For Virginia Huxley, JO Davis Professor of Cardiovascular Physiology and director of the National Center for Gender Physiology at Mizzou, the spacewalk snafu was a perfect example of the importance of considering both men and women at every stage of space research and development.
Huxley once worked on NASA-funded research at Mizzou that sought to explain why smaller people — many of them women — tend to faint upon returning to normal gravity from space. The study was halted when she realized that there hadn’t been enough prior research on female physiology to pursue the study.
“Researchers were investigating all sorts of different effects of space on humans, but they were only using men in their studies,” Huxley said. “We have seen again and again that sex differences in humans and other animals are not inconsequential, and yet a large portion of space-age research was only advancing our knowledge of one half of the human race. This made it more difficult for women to become astronauts, because it allowed for certain excuses, such as the idea that the menstrual cycle would endanger women in space.”
At the urging of Huxley and others, many researchers now include both sexes in their studies. Still, Huxley said there is work to be done.
“It’s getting better, but we’re not there yet. Unfortunately, I was not surprised when NASA canceled the spacewalk. It’s not specifically a NASA issue; it’s in many areas of research. Time and time again, we have encountered situations where women have to play catch-up because there is some nuance that wasn’t considered.”
Engineering the future
While the Space Sciences Research Center is long gone, space-related research continues across Mizzou. In the College of Engineering, Craig Kluever, a professor of mechanical and aerospace engineering, worked in space shuttle guidance, navigation and control for an aerospace manufacturing company before joining Mizzou. His aerospace research has been funded by NASA. Haojing Yan, an associate professor of physics and astronomy, studies galaxy formation and evolution over cosmic time. Electrical engineering and computer science professor Jae Kwon’s work includes batteries and nanotechnology that can be applied to satellites. The list goes on.
For students, there is the Mizzou branch of the American Institute of Aeronautics and Astronautics, as well as Mizzou’s Students for the Exploration and Development of Space.
In addition, there is a long list of alumni like Brooke Harper, a graduate of the College of Engineering and NASA engineer who recently made national headlines for her unique celebration of a successful Mars rover landing. Micheala Sosby and Haley Reed, two recent alumni from the School of Journalism, helped create NASA’s new audio series, Nasa Explorers: Apollo.
The origins of life
Of course, space-related research isn’t always as straightforward as building rockets. Just as researchers at Mizzou’s Space Sciences Center once studied hibernating animals to gain insight into human metabolism, Donald Burke-Agüero is experimenting with RNA (ribonucleic acid, which regulates the expression of genes and acts as a messenger of genetic information from DNA) to help NASA understand the origins of life.
“There is a hypothesis that life began as RNA,” said Burke-Agüero, a professor of molecular microbiology and immunology and a joint professor of biochemistry at Mizzou’s Christopher S. Bond Life Sciences Center. “If this is true, then the more we learn about the biological and chemical functions of RNA, the more we know about how life began.”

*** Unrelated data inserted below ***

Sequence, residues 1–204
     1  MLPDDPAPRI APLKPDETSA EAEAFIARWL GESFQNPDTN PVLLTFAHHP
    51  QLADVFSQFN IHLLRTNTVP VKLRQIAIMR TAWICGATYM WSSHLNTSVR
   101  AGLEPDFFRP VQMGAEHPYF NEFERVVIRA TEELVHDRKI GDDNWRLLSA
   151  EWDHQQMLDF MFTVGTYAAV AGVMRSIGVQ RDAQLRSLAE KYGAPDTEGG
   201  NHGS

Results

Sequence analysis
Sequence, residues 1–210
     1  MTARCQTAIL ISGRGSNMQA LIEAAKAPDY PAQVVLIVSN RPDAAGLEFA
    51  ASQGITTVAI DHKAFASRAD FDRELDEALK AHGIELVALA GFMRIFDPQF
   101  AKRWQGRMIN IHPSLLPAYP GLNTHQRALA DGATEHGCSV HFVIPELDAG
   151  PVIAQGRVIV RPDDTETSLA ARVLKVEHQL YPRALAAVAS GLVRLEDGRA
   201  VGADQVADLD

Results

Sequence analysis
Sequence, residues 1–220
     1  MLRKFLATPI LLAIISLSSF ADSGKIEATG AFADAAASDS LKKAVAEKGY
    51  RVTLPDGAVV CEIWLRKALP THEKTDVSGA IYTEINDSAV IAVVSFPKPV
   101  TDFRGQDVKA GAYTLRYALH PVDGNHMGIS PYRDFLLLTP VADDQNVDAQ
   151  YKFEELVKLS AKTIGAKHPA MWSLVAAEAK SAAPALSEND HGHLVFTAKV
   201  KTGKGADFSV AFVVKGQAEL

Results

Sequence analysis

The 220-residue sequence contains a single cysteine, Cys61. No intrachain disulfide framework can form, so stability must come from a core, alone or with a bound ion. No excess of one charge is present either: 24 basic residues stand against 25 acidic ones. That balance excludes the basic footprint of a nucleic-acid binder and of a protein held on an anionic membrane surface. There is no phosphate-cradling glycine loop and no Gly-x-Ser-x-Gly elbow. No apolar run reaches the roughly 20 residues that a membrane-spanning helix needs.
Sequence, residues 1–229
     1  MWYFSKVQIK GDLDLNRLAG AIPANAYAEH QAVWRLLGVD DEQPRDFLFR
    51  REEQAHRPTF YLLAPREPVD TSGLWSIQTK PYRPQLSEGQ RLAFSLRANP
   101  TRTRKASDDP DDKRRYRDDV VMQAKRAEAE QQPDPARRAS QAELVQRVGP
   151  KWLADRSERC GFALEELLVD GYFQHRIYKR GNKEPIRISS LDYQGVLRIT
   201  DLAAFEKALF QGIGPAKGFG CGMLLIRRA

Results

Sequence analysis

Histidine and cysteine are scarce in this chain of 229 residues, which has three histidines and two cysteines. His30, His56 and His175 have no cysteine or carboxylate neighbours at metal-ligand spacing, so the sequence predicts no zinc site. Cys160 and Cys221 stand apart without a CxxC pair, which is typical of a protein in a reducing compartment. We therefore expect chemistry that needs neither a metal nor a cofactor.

This may seem surprisingly abstract for the likes of NASA, but understanding the origins of life has an important practical purpose.
“One of the things NASA needs to do is identify possible signs of life in its early stages on other planets, and you can only recognize what you know. If we only knew of oxygen-based life on Earth, for example, we would only look for life in the presence of oxygen. But we recently discovered marine life that appears to be able to live completely without oxygen. As we learn more about every possible permutation of life, NASA has a better idea of what to look for on other planets.”
With the help of doctoral student Haritha Dhanikonda (and Jordyn Lucas, before she graduated recently), Burke-Agüero uses molecular evolution techniques to develop artificial ribozymes, which are RNA molecules that catalyze chemical reactions. Through the process of creating new applications for RNA, Agüero hopes to contribute to a better understanding of how RNA may have developed into more complex forms of life.
Unlike Burke-Agüero, who was in Kindergarten when the moon landing occurred, Lucas and Dhanikonda can only imagine what it was like to witness such a momentous event. Still, its significance is not lost on them.
“I grew up in Chennei, India, and people there didn’t have the means to connect to the rest of the world through technology like they do today,” Dhanikonda said. “Even so, they knew Neil Armstrong’s name. The moon landing had a worldwide impact — as Armstrong said, this was a giant leap for mankind, not just for America. All over the world, people understood that this was an incredible accomplishment.”
Researchers like Burke-Agüero are thriving at Mizzou as they work on research that contributes, directly and indirectly, to scientific knowledge of our solar system and the cosmos. It has been half a century since the space sciences research center closed permanently, but Mizzou is still carrying on its work. As we acknowledge the 50th anniversary, our researchers are looking to the skies, eager to discover where their work will take them next.